Locking your employees in might seem tempting in order to protect your firm’s intellectual property, but have you also considered the potential downsides?
Consider Silicon Valley, which has become the most entrepreneurial area not only in the United States but also in the world. Not only are formal alliances commonplace among the local firms, it is also, arguably, one of the most dynamic labour markets in the world. It is not unusual for your engineers or executives to switch allegiance to a competitor down the road, taking their knowledge with them. Here, the culture is one of loyalty to the profession rather than to a firm. Equally, there is nowhere else on the globe that can compete with the number of start-ups which successfully launch and, more importantly, stay in business and go on to be global leaders in the industry. But what drives this collaborative environment?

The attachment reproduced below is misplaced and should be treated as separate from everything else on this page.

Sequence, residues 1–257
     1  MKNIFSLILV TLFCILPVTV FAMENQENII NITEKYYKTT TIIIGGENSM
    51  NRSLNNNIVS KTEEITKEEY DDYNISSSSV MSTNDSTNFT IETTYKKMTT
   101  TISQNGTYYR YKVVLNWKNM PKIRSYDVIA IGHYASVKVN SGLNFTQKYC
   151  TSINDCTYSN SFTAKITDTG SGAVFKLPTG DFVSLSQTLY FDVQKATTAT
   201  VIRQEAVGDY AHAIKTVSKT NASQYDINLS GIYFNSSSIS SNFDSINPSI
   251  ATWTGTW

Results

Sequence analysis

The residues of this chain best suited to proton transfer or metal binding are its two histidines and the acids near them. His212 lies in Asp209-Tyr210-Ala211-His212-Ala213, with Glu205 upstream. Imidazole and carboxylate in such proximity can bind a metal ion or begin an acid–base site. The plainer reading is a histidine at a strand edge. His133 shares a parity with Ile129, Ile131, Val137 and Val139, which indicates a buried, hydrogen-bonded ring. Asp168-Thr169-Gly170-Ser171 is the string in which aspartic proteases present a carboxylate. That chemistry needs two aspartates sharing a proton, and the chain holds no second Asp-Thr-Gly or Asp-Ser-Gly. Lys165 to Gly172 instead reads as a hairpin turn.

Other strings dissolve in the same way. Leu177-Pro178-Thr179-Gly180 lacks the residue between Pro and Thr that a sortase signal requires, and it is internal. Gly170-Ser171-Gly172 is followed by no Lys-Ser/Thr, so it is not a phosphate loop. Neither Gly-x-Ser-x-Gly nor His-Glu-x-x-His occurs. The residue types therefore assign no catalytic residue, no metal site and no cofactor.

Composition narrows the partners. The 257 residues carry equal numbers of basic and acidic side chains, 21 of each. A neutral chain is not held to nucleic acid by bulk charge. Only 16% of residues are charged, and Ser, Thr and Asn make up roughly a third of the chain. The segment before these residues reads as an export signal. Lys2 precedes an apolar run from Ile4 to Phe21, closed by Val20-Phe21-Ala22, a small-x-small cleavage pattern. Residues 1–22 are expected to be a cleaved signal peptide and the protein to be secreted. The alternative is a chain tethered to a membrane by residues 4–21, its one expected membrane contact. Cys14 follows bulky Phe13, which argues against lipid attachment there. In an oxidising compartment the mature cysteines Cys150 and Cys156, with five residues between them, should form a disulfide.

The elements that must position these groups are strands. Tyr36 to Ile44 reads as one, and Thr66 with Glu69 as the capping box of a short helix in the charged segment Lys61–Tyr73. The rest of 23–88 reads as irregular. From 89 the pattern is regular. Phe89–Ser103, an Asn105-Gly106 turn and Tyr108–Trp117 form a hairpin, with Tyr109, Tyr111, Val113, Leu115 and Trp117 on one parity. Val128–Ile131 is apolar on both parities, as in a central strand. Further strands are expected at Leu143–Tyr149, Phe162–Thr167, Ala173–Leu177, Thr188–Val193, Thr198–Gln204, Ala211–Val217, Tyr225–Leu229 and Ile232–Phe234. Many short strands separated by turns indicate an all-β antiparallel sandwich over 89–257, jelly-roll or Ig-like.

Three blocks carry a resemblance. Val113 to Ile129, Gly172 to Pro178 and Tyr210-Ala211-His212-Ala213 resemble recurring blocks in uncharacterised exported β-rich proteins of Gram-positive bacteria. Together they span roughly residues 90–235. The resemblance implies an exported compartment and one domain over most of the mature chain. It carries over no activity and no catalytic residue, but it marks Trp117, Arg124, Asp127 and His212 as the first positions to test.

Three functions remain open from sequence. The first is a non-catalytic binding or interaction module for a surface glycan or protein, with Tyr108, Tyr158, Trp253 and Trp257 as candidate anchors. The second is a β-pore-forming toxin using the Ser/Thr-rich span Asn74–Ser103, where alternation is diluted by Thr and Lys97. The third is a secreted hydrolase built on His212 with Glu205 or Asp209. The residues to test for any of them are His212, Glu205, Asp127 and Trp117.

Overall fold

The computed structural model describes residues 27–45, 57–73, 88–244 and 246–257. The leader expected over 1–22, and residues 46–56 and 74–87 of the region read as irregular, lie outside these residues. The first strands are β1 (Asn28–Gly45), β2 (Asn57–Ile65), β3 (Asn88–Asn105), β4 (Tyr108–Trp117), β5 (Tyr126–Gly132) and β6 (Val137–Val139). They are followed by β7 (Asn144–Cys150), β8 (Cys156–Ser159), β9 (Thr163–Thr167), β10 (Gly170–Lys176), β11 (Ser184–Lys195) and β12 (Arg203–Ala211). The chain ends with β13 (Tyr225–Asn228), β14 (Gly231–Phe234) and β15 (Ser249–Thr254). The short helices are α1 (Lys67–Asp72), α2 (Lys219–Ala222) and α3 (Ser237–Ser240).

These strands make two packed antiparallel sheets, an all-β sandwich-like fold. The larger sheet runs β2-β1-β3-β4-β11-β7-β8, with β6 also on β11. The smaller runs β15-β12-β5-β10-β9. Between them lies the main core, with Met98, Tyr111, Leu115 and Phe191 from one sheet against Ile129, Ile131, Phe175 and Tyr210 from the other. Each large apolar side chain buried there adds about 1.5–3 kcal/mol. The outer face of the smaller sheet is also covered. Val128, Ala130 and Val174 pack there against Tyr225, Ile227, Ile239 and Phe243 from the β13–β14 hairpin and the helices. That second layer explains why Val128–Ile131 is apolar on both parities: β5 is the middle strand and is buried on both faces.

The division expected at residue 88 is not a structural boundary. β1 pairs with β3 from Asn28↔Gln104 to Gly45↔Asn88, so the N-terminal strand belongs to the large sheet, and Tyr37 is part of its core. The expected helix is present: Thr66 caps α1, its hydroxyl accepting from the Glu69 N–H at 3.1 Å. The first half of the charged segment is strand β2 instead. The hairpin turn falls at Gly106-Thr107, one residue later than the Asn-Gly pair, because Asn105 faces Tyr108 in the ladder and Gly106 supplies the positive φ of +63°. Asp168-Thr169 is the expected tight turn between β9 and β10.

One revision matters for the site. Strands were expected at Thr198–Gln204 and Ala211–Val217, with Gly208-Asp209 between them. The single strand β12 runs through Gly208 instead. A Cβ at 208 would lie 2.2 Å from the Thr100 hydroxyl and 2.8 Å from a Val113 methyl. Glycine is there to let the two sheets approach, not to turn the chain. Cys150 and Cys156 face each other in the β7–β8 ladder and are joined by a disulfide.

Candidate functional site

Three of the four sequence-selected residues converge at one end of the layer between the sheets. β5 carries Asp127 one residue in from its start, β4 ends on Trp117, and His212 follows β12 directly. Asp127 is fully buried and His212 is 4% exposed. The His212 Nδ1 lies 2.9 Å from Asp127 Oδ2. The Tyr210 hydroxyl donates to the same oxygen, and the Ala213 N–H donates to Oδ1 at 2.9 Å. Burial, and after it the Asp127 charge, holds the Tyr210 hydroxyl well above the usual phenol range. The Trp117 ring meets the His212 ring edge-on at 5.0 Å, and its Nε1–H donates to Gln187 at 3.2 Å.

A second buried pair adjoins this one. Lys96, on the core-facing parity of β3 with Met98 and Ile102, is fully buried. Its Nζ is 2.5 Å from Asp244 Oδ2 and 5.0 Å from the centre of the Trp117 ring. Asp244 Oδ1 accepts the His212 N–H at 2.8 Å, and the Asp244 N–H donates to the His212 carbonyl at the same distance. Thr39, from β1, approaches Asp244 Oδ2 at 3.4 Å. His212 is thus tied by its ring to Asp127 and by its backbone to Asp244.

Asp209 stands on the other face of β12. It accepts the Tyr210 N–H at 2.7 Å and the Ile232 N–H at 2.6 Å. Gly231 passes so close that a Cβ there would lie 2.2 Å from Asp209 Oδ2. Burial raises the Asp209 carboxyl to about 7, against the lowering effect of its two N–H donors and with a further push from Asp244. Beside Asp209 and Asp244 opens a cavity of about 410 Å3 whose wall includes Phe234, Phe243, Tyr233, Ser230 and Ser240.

Silicon Valley’s vibrancy can’t all be pinned down to one factor. Scholars have tried linking its success to a combination of initial conditions, that kick-started a favourable dynamic decades ago, and a multitude of agglomeration benefits that continue to sustain this virtuous cycle. However, one critical characteristic of California is that firms simply cannot enforce non-compete agreements on their employees – as the state doesn’t recognise them legally. Contrast that with the U.S. state of Massachusetts, where courts enforce non-compete agreements – one of the reasons for the significantly lower inter-firm employee mobility and a resulting decline in the once-vibrant information technology cluster along Route 128 in the Greater Boston area.